"It's been going on for years," Small said in an interview. "We tried to work with the taxi drivers, to educate them and get them to move along. We tried to enforce those who park there for more than 24 minutes, but it's impossible to try to stay on top of that."
Small told the council his officers have received many complaints about it from businesses, and it is time to do something about it.
Mayor Joe Carchio said the ordinance is necessary since nothing else has worked.
"Most business owners are kind of fed up with it," he said. "Everybody is well aware of where the taxis are supposed to park.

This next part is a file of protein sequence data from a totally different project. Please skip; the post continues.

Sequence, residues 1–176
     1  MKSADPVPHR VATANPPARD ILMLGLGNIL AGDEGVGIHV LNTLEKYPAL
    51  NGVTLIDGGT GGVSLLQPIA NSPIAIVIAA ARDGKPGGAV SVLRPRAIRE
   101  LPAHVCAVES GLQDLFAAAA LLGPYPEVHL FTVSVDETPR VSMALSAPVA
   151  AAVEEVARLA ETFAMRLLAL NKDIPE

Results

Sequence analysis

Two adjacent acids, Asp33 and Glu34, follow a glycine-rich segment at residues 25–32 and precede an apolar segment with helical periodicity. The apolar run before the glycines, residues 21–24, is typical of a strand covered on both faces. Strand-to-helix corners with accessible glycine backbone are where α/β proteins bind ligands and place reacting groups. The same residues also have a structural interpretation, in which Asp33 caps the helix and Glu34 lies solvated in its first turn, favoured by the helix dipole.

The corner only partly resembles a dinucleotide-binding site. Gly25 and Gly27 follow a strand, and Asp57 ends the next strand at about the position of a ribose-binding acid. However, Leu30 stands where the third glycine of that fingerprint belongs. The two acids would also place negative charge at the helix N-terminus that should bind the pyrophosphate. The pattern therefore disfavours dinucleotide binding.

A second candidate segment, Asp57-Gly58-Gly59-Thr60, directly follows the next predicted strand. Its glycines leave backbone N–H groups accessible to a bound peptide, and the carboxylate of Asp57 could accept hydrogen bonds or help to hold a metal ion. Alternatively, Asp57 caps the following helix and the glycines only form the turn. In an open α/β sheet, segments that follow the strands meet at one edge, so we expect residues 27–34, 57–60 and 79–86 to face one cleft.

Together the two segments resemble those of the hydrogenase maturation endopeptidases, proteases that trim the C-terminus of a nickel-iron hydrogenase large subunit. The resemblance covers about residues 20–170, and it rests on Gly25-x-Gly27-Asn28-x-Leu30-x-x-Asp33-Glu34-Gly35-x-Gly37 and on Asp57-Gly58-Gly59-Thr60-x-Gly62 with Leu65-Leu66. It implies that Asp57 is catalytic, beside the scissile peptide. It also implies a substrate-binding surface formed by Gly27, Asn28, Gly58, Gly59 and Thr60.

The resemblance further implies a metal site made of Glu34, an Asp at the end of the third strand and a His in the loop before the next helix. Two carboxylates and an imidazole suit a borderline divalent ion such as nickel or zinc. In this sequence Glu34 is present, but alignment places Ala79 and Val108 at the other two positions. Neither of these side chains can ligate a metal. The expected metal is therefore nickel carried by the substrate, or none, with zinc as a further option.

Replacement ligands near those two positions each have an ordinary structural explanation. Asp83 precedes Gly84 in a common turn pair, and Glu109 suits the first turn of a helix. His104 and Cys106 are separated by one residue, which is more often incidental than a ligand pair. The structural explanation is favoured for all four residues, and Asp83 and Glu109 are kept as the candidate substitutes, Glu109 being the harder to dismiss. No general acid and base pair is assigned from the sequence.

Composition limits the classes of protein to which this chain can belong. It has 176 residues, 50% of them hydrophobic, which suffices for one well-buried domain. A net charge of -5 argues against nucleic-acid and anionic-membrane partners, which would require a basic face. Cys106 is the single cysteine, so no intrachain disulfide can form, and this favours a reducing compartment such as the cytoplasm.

The city will not begin citing violators right away but will inform them first of the changes.
Per Councilman Joe Shaw's recommendation, police will also actively inform businesses and customers of where taxicabs can provide services.
"The taxi service has a valuable purpose in downtown," Shaw said.
Small said placing signs near the green curbs is one option, although the details haven't yet been sorted out. The city's Public Works Department would be in charge of placing signs if that's the option the city selects, Small said.
"We don't want to cite people," Small said, adding that the goal is to get taxis to park in their designated areas.
But now that it's prohibited, police have another tool to enforce it.
Those who continue to park in the green zones will receive a $42 citation.
The ordinance is set to go into effect in 30 days.